As the sun fades on Toronto it won’t just be the bears going into hibernation mode. We’ve all been there — as soon it gets cold outside and your summery outdoor adventures are over, it gets harder to reach your daily step count.
With shorter days and less motivation to go outside, you may need to make a few adjustments to maintain a healthy lifestyle. We spoke with Dr Shelly Reitkop, ND from the Toronto Weight Loss and Wellness Clinic, to get some easy tips for keeping healthy through the colder months.
If you’re in the dating scene and using apps, crank up that distance range! Try chatting to someone farther away instead of the same people who are always nearby. When you want to invite them over, don’t! Not only are you increasing your exercise for the day by leaving your home, but you also get added benefit of not needing to clean your apartment. Either walk over to their place or set up a date at a restaurant outside of your immediate area.
Review menus online
See if the restaurant provides nutritional information, which can help you make healthier choices before you even step into the restaurant. Some restaurants, including many in the Church-Wellesley Village, offer their full menus and nutritional info on their websites to help you make an informed food choice. Nutritional guidelines are important because sometimes foods that sound healthy are very high in calories, salt and fat. If no nutritional info is available, ask your server if there are healthier options available for items on the menu.
Skip appetizers and dessert
They’re typically filled with extra calories and are often high in carbohydrates and trans and saturated fats. To help stay clear of appetizers and desserts and to keep you full without the bloat, choose proteins and vegetables for your meals over carbs. If your sweet tooth is really acting up, avoid the impulse of ordering that cake in front of you and walk to get your dessert somewhere else.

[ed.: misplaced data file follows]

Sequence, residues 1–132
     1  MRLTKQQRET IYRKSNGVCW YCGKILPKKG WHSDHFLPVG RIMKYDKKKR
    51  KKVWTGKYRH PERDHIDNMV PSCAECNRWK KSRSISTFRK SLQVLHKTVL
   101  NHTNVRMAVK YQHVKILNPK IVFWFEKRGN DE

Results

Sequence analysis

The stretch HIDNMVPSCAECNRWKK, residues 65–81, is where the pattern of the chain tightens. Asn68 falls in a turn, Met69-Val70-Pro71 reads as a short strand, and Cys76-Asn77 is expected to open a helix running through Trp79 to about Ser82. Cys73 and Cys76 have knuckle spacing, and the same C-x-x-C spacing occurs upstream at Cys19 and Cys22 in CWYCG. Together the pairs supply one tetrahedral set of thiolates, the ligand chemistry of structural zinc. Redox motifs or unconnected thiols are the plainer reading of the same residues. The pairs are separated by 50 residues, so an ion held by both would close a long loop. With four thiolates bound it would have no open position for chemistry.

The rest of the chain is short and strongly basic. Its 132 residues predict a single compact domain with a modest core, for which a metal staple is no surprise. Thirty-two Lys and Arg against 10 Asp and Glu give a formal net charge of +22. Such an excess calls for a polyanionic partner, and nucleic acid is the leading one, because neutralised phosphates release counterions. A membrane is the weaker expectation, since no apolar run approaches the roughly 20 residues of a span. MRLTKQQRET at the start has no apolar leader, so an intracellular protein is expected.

Limit alcohol consumption
Especially sugary drinks. If you plan on drinking, choose something lighter like vodka soda with lime, gin on the rocks, or an extra dry martini. Just make sure you burn off those extra calories on the dance floor!
And while you’re at it, ensure you’re drinking enough water too — at least 10–12 glasses of water a day. Your brain doesn’t know the difference between hunger and thirst, so people who don’t drink enough water are more likely to overeat.
Prepare more meals at home
Home-cooked meals allow you to make healthier choices and be in control of the ingredients you use as well as how you cook them. Eating out should be looked at as a treat as oppose to a daily occurrence. In addition, grocery shopping itself can be a bit of a workout. Remember, the fresher and often healthier foods are often kept around the perimeter of grocery stores.
Focus on weight training exercises
Cardiovascular fitness is essential, but if that’s all you’re focusing on then it can lead to a loss of muscle mass. If weight loss is your goal, weight training builds muscle and increases basal metabolic rate, helping you burn more calories even while you rest.